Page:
What makes a perfect mentor? Is it age and seniority? Perhaps it is years of education and experience? When we think of mentorship, we tend to think of the wise sage and his apprentice — the sensei passing on his years of experience and his words of wisdom to the young and inexperienced student.
The concept of mentoring has evolved from protégé mentoring to include reverse and collegial mentoring. While these forms are widely recognized and practiced, there is a need to explore non-restrictive (regardless of levels and seniority) mentorship.
To attract a diverse range of new public servants, ranging from entry-level to mid-level to senior professionals, there is a need to explore mentoring outside the boundaries of seniority and age, to view mentoring as a “two-way” street where learning and mentoring is a shared partnership between two professionals.
Professional development can be through a collaborative partnership where the matches are based on knowledge transfer and the sharing of cultures. Mentor matches can be arranged on the basis of identifying areas of knowledge, culture and work functions. For example, policymakers could explore mentorships outside of their policy group and seek matches with individuals who implement policy.
There is a tendency to seek mentors within the same work areas and arrange these matches based on seniority. As an alternative, a policy analyst could explore a mentor partnership with a compliance officer who implements the policies. This would allow both individuals to gain a better understanding of each other’s roles and to work together to address challenges within their work. This type of partnership allows each individual to develop a shared understanding.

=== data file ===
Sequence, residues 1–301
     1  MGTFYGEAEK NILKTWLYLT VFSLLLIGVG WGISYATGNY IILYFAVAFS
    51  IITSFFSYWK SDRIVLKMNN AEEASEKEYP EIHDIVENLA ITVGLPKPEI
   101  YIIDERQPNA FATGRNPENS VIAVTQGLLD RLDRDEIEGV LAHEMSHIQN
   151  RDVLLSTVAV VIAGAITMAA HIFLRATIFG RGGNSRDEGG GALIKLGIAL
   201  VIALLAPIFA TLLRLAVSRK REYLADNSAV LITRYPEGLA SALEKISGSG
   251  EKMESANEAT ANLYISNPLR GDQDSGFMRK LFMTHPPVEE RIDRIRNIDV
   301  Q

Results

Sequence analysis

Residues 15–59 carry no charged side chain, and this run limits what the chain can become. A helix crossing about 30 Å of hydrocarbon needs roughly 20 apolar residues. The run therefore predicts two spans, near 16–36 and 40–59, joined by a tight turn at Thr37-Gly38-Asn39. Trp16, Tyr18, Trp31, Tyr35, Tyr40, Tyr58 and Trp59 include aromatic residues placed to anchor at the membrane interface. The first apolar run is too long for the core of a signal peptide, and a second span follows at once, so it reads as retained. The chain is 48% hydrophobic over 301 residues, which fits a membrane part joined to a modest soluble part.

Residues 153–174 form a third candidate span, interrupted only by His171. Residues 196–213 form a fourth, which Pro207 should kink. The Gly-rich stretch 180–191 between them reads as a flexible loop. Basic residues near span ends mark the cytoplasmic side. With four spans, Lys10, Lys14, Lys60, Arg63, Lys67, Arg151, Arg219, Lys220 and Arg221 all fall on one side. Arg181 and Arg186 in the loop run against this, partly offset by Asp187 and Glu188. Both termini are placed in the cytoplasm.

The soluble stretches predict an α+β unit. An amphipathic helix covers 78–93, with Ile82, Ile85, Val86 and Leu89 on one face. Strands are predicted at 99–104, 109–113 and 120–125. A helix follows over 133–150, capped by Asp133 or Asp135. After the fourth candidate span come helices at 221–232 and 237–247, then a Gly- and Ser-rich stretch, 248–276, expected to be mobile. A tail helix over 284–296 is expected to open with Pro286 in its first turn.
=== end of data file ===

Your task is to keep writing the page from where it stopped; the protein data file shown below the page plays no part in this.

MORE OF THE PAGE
Today’s new public servants are diverse and include mid-level professionals who bring a wealth of knowledge, experience and new perspectives. A successful two-way mentoring partnership is dependent upon how open individuals are to innovative ideas and new thinking. Partners are encouraged to challenge each other’s thinking and perspectives. This form of mentoring also encourages healthy debate and constructive feedback.
Essential to the success of mentoring is the partnership, an agreement between two individuals who share expectations and goals of their mentorship. The shift away from “mentor knows best” allows both individuals to take on a shared accountability for learning while exchanging their knowledge, allowing each to gain from the other’s perspective.
As our workplaces and cultures evolve, the shift to working more collaboratively across government, rather than in independent silos or specialized areas, allows public servants to address issues from a more integrated, holistic and innovative way. The shift to a systems thinking environment requires government organizations to work as an interconnected entity and demonstrates the need for two-way mentoring. The ability to see the bigger picture and the connections we have with each other are essential.
Mentorship should be without boundaries and based on individual needs, eliminating the restrictions of age and seniority and recognizing that each individual brings value to the organization. A simple checklist opens the dialogue for any mentor partnership. Prior to arranging a partnership (either formal or informal), it is suggested that the checklist be reviewed and the partners draw up an agreement.
Helen Wong and Wendy Reukema are new provincial public servants who entered as mid-level professionals. Both work for Alberta Environment and have mentored each other throughout the development of the mentorship program between Alberta Environment and Alberta Energy.